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Industry NewsGrocers taking steps to combat shopping cart theft

Grocers taking steps to combat shopping cart theft

Grocers and retailers are taking significant steps to combat the persistent problem of shopping cart thefts, which often translates into substantial financial losses for businesses. Among other retailers, Walmart Canada has adopted a comprehensive approach, using measures such as a cart collection service to address the issue.

Felicia Fefer, manager of corporate affairs at Walmart Canada, discussed the importance of ensuring customers have access to shopping carts via email.

“Walmart Canada uses a variety of measures to ensure we have shopping carts readily available for customer use, including regularly corralling shopping carts in and beyond our parking lots. We know that some shopping carts are taken off store property, which is unfortunate and frustrating because it reduces the number of carts for our customers and causes issues in the community. To address this, we keep as many carts as possible inside our stores and in some markets we provide coin-operated carts to prevent our carts from being removed from our property. In many markets, we also contract a cart collection service to collect any stray carts to help keep the neighbourhood tidy,” said Fefer.

The escalating issue of shopping cart theft has recently garnered national attention, with the Food Marketing Institute highlighting the global cost to businesses at up to $800 million a year. In Canada, the price for a single stolen cart is estimated to be between $350-400, according to the Retail Council of Canada. Furthermore, according to the National Supermarket Research Group, shopping cart theft and vandalism losses amount to several hundred million dollars yearly. According to other studies, a store may have to replace up to 35 per cent of its fleet of carts annually.

Several factors contribute to the rise in cart thefts, including homeless individuals repurposing them for shelter or storage and instances of theft for scrap metal. Municipalities are responding by imposing fees on retailers for retrieval services and fines for individuals caught stealing carts, prompting companies to seek innovative solutions.

To counter, retailers are adopting various strategies to neutralize theft, including self-locking wheels, artificial intelligence, electronic tagging systems, video surveillance, security guards, and anti-theft signs.

Canadian companies finding solutions to cart theft

InStore Products Limited, for example, has developed a cart tracking system utilizing GPS technology to locate lost carts. The company says various containment systems, such as wheel locks, coin locks, and electronic systems, are valid but may only partially prevent theft.

To tackle the challenge, InStore Products Limited installs a discreet GPS tracker on each shopping cart. The tracker allows not only the retrieval of stolen carts but also provides comprehensive data for store management. The system establishes a geofence around the store, enabling real-time tracking of carts within the specified area. The dashboard offers information on the number of carts on-site, in use, in maintenance, or off-site, aiding store operators in optimizing their cart fleet. Additionally, the system assists in managing maintenance schedules, tracking usage patterns, and even identifying locations where carts are frequently abandoned, such as residences or condos. The technology is beneficial in preventing theft, enhancing operational efficiency, and reducing costs related to cart retrieval.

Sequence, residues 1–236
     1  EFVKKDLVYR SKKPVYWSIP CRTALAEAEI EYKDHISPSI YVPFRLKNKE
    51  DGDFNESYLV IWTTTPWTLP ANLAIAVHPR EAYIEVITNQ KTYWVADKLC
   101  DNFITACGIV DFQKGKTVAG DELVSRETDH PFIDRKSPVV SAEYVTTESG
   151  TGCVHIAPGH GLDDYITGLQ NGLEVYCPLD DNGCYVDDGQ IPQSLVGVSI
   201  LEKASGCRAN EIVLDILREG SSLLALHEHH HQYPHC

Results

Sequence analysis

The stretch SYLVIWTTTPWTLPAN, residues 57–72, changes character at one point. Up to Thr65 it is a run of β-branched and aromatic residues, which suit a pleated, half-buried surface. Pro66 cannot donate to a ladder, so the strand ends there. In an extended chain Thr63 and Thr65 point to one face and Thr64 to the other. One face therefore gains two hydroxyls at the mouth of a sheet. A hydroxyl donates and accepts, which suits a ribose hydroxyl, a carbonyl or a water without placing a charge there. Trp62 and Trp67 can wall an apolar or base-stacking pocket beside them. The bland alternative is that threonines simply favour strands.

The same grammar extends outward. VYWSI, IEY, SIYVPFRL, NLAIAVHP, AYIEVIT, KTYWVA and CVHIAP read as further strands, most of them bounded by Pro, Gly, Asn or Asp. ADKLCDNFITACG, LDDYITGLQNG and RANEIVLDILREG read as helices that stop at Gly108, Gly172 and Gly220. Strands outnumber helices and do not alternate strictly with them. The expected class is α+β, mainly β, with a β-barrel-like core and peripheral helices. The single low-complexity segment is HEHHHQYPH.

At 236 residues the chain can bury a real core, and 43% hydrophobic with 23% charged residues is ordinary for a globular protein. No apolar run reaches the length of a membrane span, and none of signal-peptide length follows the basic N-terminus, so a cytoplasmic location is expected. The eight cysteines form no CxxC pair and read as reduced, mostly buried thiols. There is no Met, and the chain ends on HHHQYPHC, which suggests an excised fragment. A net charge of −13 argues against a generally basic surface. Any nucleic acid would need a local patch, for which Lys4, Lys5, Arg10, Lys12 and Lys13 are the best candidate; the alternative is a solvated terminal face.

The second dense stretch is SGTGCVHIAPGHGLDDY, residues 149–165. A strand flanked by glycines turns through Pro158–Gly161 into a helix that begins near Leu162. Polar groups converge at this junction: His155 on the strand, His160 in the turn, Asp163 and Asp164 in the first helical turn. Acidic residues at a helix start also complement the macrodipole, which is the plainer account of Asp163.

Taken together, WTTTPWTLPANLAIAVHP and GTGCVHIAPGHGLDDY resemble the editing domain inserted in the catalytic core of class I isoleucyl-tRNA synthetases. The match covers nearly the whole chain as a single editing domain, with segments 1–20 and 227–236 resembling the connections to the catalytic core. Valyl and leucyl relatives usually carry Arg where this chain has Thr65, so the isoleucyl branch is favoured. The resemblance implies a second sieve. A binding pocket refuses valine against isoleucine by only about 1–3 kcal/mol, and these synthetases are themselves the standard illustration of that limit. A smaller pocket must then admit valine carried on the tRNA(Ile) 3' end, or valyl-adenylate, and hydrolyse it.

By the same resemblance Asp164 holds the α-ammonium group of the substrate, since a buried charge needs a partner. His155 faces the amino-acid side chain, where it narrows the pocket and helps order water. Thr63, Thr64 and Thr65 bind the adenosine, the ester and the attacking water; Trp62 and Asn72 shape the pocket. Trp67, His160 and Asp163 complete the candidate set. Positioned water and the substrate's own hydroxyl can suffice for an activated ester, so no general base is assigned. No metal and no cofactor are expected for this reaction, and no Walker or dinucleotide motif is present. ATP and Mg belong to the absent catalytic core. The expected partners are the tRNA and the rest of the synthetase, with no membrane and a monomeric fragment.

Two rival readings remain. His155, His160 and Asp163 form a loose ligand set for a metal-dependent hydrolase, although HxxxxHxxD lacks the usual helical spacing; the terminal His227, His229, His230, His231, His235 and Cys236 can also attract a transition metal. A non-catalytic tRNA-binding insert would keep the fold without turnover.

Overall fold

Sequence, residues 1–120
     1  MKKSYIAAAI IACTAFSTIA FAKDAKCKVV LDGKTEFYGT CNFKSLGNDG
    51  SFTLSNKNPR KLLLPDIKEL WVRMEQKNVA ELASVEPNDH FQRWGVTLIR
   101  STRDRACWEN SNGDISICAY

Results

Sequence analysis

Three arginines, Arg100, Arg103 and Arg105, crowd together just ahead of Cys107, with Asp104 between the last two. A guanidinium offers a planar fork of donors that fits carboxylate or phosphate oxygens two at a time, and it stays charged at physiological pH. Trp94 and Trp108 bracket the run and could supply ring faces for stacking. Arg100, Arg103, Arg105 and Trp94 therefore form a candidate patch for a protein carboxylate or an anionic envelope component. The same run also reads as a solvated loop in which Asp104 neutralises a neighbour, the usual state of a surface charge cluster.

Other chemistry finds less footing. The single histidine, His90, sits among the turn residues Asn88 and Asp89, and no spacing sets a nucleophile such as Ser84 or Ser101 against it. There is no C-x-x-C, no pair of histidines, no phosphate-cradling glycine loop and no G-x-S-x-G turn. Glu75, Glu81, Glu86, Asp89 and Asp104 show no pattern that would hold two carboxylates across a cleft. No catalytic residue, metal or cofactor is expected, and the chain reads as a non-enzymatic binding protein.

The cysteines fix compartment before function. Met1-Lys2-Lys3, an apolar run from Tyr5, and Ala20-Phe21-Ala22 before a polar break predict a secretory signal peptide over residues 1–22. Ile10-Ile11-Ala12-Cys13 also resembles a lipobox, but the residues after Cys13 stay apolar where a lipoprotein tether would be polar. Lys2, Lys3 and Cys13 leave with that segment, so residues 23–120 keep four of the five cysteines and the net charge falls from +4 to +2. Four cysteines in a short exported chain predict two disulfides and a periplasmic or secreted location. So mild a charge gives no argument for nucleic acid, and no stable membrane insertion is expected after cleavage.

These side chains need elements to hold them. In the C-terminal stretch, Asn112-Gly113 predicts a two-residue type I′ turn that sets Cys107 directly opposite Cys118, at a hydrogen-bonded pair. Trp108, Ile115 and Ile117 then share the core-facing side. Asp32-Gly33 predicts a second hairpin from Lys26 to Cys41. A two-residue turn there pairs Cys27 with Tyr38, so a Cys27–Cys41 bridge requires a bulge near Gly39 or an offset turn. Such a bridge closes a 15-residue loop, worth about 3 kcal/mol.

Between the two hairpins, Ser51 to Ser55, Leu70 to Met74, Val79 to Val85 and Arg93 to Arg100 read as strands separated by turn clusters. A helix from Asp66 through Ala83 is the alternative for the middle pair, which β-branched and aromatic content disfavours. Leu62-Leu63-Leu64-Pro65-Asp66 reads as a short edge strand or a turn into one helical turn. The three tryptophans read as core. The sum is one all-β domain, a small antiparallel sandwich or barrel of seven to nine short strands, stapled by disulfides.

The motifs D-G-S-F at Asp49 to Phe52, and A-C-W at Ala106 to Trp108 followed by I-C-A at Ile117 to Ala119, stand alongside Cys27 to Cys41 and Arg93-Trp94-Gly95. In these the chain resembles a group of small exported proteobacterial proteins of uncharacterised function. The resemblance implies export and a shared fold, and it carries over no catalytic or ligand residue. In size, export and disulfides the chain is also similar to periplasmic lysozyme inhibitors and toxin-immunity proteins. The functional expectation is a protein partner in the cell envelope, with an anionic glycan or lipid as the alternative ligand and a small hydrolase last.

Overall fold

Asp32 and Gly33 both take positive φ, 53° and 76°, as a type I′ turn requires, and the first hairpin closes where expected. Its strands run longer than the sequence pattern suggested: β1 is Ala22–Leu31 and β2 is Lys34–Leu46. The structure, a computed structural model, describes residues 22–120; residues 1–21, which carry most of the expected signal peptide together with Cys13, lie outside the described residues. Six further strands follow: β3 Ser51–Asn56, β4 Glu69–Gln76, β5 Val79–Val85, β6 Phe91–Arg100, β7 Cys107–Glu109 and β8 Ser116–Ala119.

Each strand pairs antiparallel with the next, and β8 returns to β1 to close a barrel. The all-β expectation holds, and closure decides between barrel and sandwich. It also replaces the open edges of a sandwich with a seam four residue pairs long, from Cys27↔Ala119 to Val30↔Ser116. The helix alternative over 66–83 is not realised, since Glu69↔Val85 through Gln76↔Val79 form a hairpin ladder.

“Our solution involves establishing a geofence around the store, allowing us to track everything within that boundary. It enables both customers and store managers to monitor carts during preparation, their departure from the property, locations around the property, and all checkpoints they pass,” said Steve Brown, executive vice president at InStore Products Limited.

Working with several grocery stores and retailers, InStore Products Limited says it has received positive feedback on the effectiveness of its cart tracking system. Brown noted a franchisee client’s substantial reduction in cart losses and operational hassles following implementation. The success of the technology even eliminated the need for the franchisee’s usual annual reorder list of 50 to 100 carts, he said.

In an interview, the Retail Council of Canada (RCC) said there was difficulty in obtaining an accurate assessment of the impact of theft on local businesses due to underreporting. The RCC says it is actively collaborating with law enforcement, the justice system, and the government to address this issue. They are also assisting retailers in implementing loss prevention and de-escalation strategies.

“At the end of the day, it’s important to stress that theft is often thought of as a victimless crime, but it’s not. It costs Canadian retailers billions of dollars a year — costs that are borne by all consumers when they go shopping,” said Michelle Wasylyshen, national spokeswoman at RCC.

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